Understanding Microsoft

Part 16. Spin Doctors

When Adolf Hitler decided he needed a good P.R. campaign, what did he do? For one thing, he invited journalists and world leaders to his mountaintop hideaway, where they were wined and dined. There were plenty of photo sessions, interviews, and guided tours. People were told they were getting to see the "real Hitler," not the one that paranoid and jealous rivals were raving about. Chummy, kind, helpful, a real family man: that was the impression that influential guests took with them as they went back to their homes and offices to make policy decisions.

After all, how could a family man be a cruel dictator, a would-be world tyrant?

Der Fuhrer typically walked about in elegant sweaters or casual clothing, seldom in military garb, at these cozy little get-togethers. He spoke of great things he wanted to do to help the common man, the average German, because after all, he was just a common man himself, right? His quest for power was really a quest to be a savior, not a dictator. He was only trying to put himself into a position to be more helpful to more people! Anybody who thought he was ruthless and uncivilized was just envious of his rise from obscurity to world-class influence.

After all, how could a man of the people be a cruel dictator, a would-be world tyrant?

All of this hokum and sleight-of-hand worked very well for one simple reason: world leaders and journalist just did not want to accept the possibility of another World War. The guests consistently engaged in a willful self-deception based on their deepest desires for peace, and were merely egged on by a smooth-talking host who "felt their pain." By soothing the deep-seated anxieties of the guests with friendly patter and a smiling face, feeding the self-deceptive nature of those who knew only too well what another war would mean, Hitler carried off a masterful carnival of showmanship and delayed for years his eventual exposure as an absolute despot.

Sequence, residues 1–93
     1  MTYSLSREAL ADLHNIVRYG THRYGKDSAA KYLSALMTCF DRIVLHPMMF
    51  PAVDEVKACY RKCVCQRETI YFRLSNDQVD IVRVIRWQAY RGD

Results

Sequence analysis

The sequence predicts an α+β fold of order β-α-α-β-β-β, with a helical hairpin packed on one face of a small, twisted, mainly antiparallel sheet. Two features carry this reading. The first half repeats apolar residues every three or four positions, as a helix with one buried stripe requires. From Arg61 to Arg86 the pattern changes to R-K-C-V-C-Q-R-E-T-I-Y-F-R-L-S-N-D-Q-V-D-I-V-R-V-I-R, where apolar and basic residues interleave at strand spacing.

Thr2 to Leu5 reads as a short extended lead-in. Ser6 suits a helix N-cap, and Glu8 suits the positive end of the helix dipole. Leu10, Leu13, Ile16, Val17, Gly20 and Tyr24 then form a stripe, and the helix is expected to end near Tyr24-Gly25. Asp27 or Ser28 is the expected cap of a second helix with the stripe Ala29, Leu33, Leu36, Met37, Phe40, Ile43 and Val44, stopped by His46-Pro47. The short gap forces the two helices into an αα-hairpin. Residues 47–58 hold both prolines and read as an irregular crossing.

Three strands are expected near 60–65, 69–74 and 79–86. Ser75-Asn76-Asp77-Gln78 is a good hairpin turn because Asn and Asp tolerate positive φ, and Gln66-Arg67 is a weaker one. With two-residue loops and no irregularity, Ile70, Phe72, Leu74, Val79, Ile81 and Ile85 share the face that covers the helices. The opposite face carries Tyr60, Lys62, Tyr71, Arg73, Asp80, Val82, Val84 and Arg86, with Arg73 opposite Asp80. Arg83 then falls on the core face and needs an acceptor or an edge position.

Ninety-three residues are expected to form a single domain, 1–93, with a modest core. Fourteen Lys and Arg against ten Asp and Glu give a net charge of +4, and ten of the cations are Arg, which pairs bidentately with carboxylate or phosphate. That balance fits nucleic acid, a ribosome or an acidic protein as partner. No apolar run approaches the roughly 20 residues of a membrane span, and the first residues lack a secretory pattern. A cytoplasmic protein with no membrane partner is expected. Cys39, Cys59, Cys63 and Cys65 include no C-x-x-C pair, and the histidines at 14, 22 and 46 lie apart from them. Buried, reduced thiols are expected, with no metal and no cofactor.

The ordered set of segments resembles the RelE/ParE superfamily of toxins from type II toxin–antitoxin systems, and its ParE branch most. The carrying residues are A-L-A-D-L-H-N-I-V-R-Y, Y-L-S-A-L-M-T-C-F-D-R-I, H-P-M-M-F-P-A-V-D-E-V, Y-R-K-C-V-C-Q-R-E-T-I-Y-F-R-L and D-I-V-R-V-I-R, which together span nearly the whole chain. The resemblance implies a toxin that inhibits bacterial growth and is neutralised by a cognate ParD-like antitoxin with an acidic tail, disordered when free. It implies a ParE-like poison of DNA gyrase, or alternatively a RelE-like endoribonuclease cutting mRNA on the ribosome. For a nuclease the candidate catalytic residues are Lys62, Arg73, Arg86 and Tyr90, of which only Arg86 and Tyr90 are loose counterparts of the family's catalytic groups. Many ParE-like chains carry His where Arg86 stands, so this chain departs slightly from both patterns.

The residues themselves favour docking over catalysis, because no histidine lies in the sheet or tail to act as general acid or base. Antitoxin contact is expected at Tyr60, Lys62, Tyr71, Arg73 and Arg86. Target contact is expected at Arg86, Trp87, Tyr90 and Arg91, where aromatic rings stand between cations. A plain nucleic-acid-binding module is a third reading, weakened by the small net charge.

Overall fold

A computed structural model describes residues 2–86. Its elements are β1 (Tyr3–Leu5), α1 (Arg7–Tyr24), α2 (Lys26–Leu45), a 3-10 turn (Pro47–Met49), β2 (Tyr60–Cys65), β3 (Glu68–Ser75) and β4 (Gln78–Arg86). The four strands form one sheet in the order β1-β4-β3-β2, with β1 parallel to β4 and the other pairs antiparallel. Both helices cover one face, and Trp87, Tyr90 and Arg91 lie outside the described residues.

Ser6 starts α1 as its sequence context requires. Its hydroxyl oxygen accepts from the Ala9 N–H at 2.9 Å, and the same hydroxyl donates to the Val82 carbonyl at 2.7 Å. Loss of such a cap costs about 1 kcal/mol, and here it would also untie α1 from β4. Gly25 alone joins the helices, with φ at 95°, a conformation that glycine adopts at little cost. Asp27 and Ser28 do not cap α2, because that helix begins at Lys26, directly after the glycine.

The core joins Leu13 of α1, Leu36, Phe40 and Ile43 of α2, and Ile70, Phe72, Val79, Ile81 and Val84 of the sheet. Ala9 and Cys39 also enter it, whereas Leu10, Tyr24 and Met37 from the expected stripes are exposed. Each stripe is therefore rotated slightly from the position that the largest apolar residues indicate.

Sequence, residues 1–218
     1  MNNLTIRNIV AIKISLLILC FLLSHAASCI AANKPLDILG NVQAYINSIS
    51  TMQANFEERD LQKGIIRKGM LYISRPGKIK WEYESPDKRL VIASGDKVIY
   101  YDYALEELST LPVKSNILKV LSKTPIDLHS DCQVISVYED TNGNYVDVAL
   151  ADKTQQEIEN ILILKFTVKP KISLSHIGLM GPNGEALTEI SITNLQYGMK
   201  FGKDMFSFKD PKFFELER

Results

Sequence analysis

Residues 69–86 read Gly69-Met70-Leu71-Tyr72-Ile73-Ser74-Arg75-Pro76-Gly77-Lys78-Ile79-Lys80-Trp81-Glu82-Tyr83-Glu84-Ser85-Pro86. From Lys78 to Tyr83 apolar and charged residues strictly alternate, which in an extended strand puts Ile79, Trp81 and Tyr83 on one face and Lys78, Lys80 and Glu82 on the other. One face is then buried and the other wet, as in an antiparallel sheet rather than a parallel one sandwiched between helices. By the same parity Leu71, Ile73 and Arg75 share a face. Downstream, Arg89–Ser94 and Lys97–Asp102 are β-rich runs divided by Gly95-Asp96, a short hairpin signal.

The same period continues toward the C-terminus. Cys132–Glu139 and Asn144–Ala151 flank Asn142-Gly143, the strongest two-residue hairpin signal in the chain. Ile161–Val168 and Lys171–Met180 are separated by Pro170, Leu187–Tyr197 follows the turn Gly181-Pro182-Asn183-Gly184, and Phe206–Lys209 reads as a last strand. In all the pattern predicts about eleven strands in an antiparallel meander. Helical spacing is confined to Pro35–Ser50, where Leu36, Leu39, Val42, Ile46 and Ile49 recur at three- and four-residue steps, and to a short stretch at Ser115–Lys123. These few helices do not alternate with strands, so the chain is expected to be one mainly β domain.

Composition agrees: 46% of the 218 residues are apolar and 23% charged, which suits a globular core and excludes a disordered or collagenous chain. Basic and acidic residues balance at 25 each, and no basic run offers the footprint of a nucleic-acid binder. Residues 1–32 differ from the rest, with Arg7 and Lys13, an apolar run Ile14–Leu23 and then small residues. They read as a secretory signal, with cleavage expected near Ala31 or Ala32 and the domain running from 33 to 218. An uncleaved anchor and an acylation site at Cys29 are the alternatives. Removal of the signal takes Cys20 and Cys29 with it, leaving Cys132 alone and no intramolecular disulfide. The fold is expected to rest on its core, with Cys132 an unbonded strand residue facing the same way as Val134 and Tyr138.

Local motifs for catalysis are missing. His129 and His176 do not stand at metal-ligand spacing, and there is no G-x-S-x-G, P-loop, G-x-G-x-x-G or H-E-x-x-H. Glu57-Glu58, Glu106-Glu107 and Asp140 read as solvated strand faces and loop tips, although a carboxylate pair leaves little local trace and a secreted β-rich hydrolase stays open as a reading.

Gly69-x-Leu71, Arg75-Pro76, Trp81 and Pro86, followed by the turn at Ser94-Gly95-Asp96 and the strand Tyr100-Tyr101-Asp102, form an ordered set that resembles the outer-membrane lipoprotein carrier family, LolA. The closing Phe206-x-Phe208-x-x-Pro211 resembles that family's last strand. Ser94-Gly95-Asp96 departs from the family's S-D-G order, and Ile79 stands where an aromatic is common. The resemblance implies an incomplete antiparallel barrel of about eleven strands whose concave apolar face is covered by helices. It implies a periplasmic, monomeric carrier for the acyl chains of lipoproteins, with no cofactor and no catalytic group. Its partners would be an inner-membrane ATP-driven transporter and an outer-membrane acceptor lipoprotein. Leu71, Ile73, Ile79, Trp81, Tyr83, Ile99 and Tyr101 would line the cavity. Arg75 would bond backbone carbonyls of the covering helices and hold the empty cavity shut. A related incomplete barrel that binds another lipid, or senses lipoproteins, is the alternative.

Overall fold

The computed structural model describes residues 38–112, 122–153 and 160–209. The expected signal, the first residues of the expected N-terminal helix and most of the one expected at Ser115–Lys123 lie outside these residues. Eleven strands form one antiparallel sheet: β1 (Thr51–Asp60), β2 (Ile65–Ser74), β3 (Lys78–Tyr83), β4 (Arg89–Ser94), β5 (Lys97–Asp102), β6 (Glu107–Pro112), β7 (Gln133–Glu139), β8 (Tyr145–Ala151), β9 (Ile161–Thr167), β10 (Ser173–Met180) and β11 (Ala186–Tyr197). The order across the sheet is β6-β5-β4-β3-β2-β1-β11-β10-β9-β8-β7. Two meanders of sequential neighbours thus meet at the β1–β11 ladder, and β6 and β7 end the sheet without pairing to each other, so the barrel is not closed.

Unlike Hitler, of course, Microsoft only wants to control people's access to information, not to kill them. But they have certainly mastered the techniques of the Austrian tyrant and his mob of propaganda thugs. Microsoft knows that after endless plane crashes, child molestations, and fallen heroes, the news media wants some *good* news. People want a problem-solver, a hero, maybe even a Messiah. And Microsoft is only too willing to oblige the fantasies and cravings of a burnt-out media and a fearful populace searching for meaning.

Month after month, business leaders, executives, journalists, pundits, and politicians are invited to Microsoft-sponsored gatherings, thinly-veiled brainwashing sessions where endless "final solutions" to problems of communication, commerce, entertainment, and education are spewed forth. People want to believe, to be serenaded, to have something in this frenzied, unpredictable world that they can "count on." And Microsoft will gladly supply their own private solution to any problem you bring them.

Nobody fears the consequences, it seems; nobody questions the presumed right of one company to be the sole determinant of who can access what information, in what format, and for what price. After all, how could a common man, a man who wears preppie clothing, a man who has a baby, a man who is married, how could such a man be a cruel dictator, a would-be world tyrant?

Most recent revision: December 28, 1997
Copyright © 1997, Tom Nadeau
All Rights Reserved.

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